Heidi Rice talks about why learning something new can actually be surprisingly good fun, if you have the right teacher. And there really isn't anyone better at teaching the art of Story than the incredible Robert McKee... Add in some gorgeous Killarney scenery and you're all set for an amazing long weekend.
|Two go mad in Killarney!|
Many years ago, in a galaxy far far away I finished my American Studies degree at Warwick University and then ceremonially burned all my essays and notes, determined never to have to sit through another seminar again in my lifetime. I was now officially a grown up. Which meant I didn't have to do that boring shite ever again. And now here I was signing up for classes again. What had I been thinking? This could end up being the opposite of fun. Would my brain explode trying to learn something new after all this time?
|Ready to get down to business...|
Now, that said, McKee's four-day retreat is very full-on, very intense, and extremely hard work. What you're talking about is eight hours of lectures a day, with only two half-hour breaks and a one-hour break for lunch for FOUR consecutive days. I can tell you for a fact, I never had to work that hard at college. But the Story seminar is also fascinating, thought-provoking and delivered by a guy who knows how to hold an audience. McKee - an old school alpha male who can happily name-drop John Cleese and Kirk Douglas as past students - makes no bones about the fact that he is the guy in charge. No interruptions or questions are allowed during the lectures (although you can go up and ask him in the breaks), also no chit-chat, no late-comers and if your mobile phone goes off, you're in deep shite. Then again, as McKee explained, everyone had paid serious money to be there, and anyone who thought it was okay to interrupt another's learning experience was going to get short shrift from him, and frankly I was with him on that... It's not that hard to turn off a mobile phone.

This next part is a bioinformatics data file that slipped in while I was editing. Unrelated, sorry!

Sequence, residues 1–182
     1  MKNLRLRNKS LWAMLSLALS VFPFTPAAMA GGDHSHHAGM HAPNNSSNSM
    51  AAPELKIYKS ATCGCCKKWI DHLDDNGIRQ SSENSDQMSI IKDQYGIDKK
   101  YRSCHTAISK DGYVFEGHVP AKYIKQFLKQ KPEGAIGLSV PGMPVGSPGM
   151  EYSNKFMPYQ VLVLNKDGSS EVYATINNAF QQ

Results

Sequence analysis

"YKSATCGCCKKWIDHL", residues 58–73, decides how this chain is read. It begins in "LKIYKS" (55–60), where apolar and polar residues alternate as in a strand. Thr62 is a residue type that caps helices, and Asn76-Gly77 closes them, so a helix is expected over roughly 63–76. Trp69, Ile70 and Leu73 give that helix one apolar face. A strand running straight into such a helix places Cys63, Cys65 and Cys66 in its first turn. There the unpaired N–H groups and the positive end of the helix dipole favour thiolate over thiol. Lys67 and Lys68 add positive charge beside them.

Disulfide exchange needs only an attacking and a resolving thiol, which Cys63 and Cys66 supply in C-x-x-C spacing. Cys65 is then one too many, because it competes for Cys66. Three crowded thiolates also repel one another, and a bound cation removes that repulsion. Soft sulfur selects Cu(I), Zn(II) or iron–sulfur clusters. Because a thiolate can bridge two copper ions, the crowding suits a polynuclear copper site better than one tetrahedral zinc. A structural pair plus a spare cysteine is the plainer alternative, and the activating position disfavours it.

|Subplots and how to use them.|
|Good omen on Day 3|
McKee's basic lesson though to writers can be encapsulated in one particularly enlightening sentence (which I'm going to attempt to para-phrase here from my FIVE notebooks full of notes - uh-huh, FIVE. I am such a swot!):
Your characters reveal who they really are through the choices they make under pressure while trying to obtain their object of design against the forces of antagonism.
|Lunch break by the lake in lovely Killarney.|
Ultimately, it turned out to be a pretty emotional four days. Because McKee imbues a lot of his own life and opinions into his teaching - and he shoots straight from the hip (i.e.: expect to hear the f-word creatively used on occasion!). After a six-hour dissection of Casablanca on our last day (that movie has five subplots!!!) I was exhausted, while at the same time feeling energised and excited about the stories I'm currently working on.
Best of all, am pleased to announce me and McKee appear to be kindred spirits when it comes to film appreciation, because he loathed Titanic as much as I did. One comment on the movie is somewhat unrepeatable (something about floating turds but ruder) but I had to wholeheartedly agree with his main observation which speaks to the heart of what he was saying about honest story-telling: "Why did she let him die? Didn't we all think there was enough room on that pallet for the both of them?"
Of course, the movie was a huge hit, so McKee isn't infallible, and he does point out that his theories are guidelines, rather than hard and fast rules - but that comment still made me chuckle!
Special thanks go to Abby Green and Katrina Cudmore for joining me on the journey (and bringing wine and orange flapjacks as required)!
Heidi is currently working on her next novel for Harlequin Presents after being offered a new contract! And getting over excited about the release of her first longer book, So Now You're Back in Feb 2016. You can contact her on Twitter (@HeidiRomRice), Facebook, her blog or through her website if you want to know more.